The new pope — whose identity is, for at least a couple more hours, unknown — is not the only prominent religious leader who will be formally inaugurated next week. On Thursday, March 21, Dr. Justin Welby will be enthroned as archbishop of Canterbury at Canterbury Cathedral, and the U.K. Telegraph has a piece that describes his interesting family background:
The family tree on his mother’s side boasts an array of civil servants, academics, soldiers and clergymen. Jane Portal had been employed, aged 20, by Sir Winston Churchill as one of his personal secretaries, from 1949 until he stood down as prime minister in April 1955.
Churchill asked Jane to stay on to help him finish his History of the English-Speaking Peoples, but she flew instead to the United States to be married to Gavin Welby.
. . .
[Gavin] had been born Bernard Gavin Weiler in 1910 in Ruislip. His father was a Jewish émigré from Germany in the 1880s and an ostrich feather merchant. In September 1914, seven weeks after Britain declared war on Germany, the family abandoned the surname Weiler in favour of the anglicised Welby. Gavin sailed to New York after his father’s death in 1930, and in later life enjoyed telling stories of how he, Gavin, had run alcohol with his “Italian friends”, the Mafia, as a bootlegger during Prohibition.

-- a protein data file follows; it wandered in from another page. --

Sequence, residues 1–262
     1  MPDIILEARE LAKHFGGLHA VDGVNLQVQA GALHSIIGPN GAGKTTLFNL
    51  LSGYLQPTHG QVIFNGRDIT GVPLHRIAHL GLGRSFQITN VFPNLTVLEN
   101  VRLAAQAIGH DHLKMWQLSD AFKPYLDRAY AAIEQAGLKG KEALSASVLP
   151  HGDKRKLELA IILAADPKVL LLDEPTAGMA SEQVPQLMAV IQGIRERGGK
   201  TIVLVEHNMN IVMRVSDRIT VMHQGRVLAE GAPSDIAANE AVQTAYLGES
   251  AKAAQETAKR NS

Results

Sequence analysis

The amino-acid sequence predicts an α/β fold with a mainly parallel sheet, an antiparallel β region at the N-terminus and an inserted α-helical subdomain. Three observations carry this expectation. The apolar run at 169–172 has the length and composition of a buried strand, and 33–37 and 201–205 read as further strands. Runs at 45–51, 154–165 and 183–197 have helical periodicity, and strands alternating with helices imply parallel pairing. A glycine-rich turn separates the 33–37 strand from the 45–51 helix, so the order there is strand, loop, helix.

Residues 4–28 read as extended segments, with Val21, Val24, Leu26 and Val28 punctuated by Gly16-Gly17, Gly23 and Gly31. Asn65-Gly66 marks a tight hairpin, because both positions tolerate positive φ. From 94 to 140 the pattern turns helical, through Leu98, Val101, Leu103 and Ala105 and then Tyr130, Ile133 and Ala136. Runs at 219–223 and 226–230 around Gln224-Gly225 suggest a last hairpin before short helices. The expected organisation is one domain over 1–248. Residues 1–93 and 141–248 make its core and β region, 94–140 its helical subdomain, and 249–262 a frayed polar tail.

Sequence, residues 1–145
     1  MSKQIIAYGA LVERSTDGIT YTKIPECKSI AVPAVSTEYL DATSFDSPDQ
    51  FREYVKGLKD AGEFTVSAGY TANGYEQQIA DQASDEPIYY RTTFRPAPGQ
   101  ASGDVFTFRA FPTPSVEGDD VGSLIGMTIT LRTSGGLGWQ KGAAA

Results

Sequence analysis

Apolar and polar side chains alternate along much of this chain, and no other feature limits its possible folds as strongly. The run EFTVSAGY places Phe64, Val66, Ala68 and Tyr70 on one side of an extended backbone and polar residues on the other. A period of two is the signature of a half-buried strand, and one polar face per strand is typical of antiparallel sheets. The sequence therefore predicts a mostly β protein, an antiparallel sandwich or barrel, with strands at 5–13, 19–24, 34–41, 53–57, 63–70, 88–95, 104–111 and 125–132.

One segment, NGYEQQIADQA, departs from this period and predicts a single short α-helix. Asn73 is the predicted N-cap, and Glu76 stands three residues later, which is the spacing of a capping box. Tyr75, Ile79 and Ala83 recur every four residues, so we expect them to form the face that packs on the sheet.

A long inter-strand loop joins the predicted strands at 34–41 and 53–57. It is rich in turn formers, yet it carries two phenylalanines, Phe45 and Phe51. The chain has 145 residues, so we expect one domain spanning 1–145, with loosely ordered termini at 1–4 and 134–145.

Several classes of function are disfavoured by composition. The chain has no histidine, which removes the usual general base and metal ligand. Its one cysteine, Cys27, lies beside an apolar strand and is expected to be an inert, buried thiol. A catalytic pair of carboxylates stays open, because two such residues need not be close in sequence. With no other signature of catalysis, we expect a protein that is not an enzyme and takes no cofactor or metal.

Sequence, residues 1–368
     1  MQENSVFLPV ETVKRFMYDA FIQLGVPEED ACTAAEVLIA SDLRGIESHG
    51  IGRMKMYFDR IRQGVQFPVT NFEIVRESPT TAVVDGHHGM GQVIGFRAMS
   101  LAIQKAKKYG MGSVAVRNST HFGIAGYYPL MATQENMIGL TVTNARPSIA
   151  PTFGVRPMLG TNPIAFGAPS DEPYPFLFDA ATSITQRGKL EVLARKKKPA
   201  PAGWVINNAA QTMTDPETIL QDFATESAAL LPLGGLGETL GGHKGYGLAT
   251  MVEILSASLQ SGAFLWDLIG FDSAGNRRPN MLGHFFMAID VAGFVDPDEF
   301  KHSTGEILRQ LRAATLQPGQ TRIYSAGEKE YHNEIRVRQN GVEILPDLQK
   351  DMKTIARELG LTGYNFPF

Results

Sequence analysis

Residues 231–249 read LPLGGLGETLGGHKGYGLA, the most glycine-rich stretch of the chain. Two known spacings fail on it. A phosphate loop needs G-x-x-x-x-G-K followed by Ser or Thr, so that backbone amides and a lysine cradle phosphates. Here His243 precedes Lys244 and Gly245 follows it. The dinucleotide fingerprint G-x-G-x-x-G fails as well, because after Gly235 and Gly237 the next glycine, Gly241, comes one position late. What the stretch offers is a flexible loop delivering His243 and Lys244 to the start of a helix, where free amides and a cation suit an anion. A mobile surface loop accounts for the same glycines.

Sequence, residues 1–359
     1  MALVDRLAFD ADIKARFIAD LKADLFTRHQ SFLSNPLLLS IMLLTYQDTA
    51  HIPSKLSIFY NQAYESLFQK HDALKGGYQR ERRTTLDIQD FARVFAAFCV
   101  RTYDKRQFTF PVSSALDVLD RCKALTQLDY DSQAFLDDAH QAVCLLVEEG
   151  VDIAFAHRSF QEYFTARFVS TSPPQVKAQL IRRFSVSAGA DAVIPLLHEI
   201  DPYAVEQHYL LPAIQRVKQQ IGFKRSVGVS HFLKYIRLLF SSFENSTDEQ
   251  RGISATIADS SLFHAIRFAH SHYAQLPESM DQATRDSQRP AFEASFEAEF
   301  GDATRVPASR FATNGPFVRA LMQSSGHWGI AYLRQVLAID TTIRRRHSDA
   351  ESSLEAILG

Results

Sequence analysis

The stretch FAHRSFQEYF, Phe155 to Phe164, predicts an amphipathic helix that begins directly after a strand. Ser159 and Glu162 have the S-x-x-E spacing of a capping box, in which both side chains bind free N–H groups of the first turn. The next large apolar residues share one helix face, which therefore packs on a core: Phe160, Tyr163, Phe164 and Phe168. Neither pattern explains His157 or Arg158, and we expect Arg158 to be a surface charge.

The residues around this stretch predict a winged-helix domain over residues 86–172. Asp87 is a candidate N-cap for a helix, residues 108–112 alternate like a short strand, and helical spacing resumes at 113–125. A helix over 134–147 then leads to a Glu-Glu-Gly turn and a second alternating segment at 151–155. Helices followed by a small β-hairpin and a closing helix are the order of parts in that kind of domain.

Welby’s parents split up after just three years; when the future archbishop of Canterbury was a small boy, his father was briefly engaged . . . to Vanessa Redgrave.
Also in this article is the encouraging indication that, back in the early 1980s, Dr. Welby had no illusions about Communist Eastern Europe:
[Welby and his wife, Caroline,] shared a particular concern for persecuted believers on the other side of the Iron Curtain, and so the Welbys signed up in 1981 with the Eastern European Bible Mission (EEBM) to smuggle bibles and other Christian literature into the Communist bloc. Posing as tourists, they travelled to Romania, then in the iron grip of Nicolae Ceausescu. Their specially converted camper van had secret compartments for the contraband Bibles, hidden under a false floor.
All best wishes to Dr. Welby, and to the fellow in Rome too (again, name TK, one hopes soon!). It’s a tough time for religious leadership, which may be sign that our age stands in special need of it.